Die And Go To Rhythm Heaven
Rhythm games traditionally make an effort to become more and more complex and mechanical as time goes on. A look at the trajectory of the Guitar Hero and Rock Band series show a series of mechanics being piled higher and higher, culminating in keyboard controllers, “pro guitar” controllers that are functionally real guitars, and drum kits with three cymbals or two bass pedals. Would-be upstarts like Rock Revolution, PowerGig: Rise of the Sixstring, and Rocksmith all open with more complicated controls than Rock Band would ever have dreamed of launching alongside.
Leave Rhythm Heaven Fever to sweep up the overcomplicated mess and deliver one of the most engaging and accessible music games on the market. Roughly fifty games, built to their own songs, span across ten tiers, and range from fishing tournaments to first dates to luchador interviews. It’s bizarre stuff, and so I’ll include a few videos to sort of show the variety on display here.
Despite all its songs being played over fifty games, Rhythm Heaven Fever uses only the Wii Remote, and there are zero motion controls involved; the game is played by either pressing “A,” or by pressing “A” and “B” at the same time. That’s it. Just two buttons, and always “A.” How difficult can that be?
Well, the answer is very, very difficult. The absolute precision of Rhythm Heaven Fever is so specific that it actually serves as a musical theory instructor. If you’re able to complete the first four “games” of Rhythm Heaven Fever, you’ll have learned off-beat rhythms. Continue onwards, and you’ll master rhythms in 3/3, rolling beats, and to divorce the musical rhythm from the visual matching of the game. Each tier ends with a remix, combining the different mechanics of each game on that tier to form one cohesive song. These remixes force people to jumble all these techniques on-the-fly, really drilling down on the importance of each mechanic before moving onward to the next level. It’s brilliant stuff, and I’ve had multiple people play the game better with eyes closed to just focus on the beats.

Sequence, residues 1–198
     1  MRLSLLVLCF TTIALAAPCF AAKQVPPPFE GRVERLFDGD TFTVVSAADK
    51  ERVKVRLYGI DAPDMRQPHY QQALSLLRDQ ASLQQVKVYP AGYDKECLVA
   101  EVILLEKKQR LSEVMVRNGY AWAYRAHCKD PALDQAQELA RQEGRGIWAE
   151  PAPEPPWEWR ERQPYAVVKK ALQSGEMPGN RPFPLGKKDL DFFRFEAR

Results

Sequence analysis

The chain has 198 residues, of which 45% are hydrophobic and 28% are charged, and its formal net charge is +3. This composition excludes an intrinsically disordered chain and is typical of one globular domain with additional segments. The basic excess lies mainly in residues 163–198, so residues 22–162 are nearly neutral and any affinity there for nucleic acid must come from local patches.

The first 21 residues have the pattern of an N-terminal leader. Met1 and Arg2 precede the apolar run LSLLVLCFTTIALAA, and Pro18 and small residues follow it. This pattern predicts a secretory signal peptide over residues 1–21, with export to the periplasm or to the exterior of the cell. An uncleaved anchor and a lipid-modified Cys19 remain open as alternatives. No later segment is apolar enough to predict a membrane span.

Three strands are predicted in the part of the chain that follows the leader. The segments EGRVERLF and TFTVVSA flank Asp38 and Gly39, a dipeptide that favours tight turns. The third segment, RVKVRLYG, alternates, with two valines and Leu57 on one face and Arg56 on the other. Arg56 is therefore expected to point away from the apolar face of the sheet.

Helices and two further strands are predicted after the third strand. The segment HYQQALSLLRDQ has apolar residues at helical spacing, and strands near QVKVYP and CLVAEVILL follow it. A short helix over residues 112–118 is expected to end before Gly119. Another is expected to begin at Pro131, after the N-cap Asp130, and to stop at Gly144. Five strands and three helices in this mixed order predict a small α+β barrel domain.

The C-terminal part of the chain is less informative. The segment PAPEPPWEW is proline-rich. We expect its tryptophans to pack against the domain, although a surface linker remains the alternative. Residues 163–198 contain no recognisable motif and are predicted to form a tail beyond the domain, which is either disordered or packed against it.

If they were to play a level through for the first time with eyes shut, though, they’d demand to immediately watch someone else play it. The visual style of Rhythm Heaven Fever is vibrant, diverse, simple, and generally pretty darn cute. And on multiple levels, there are incredibly clever and distracting visual gags that demand to be seen. It’s subversive, engaging, and full of the charm of cartoons like Adventure Time, or games like WarioWare.
While Rhythm Heaven Fever succeeds in terms of its visuals and mechanics, it would fail if its soundtrack weren’t one of the most endearing and eminently listenable scores Nintendo’s released in several years. It ranges from jazz to blues to metal to light pop, and it’s all the kind of stuff that catches your brain and refuses to leave. And, while the game reintroduces some of its game types with higher difficulty towards the back half of the game, the new songs are still engaging, and the absolute best song in the game is hidden in the credits. (to clarify, that's not this next song)
Rhythm Heaven Fever is a bit of a revelation. While some will declare that Rhythm Heaven for the GBA or DS are superior versions, the party atmosphere one can evoke by trying to force their friends to get at least a “but still just…okay” rating on Hole in One is only achievable on a game playable on a television set, and the controls are simply more precise on the Wii than the DS version. It’s a top of the line rhythm game, and an absolute must-have addition to anyone’s Wii catalog.
...one more? Well, okay.